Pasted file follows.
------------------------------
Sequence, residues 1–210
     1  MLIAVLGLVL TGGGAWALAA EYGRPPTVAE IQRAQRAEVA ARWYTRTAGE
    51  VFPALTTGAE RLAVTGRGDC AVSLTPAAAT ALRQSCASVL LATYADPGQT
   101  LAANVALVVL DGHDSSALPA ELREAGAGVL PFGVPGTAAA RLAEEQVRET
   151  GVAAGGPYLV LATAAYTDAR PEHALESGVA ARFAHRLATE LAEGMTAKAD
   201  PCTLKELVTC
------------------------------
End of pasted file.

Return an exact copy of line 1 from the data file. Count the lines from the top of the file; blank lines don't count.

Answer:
Sequence, residues 1–210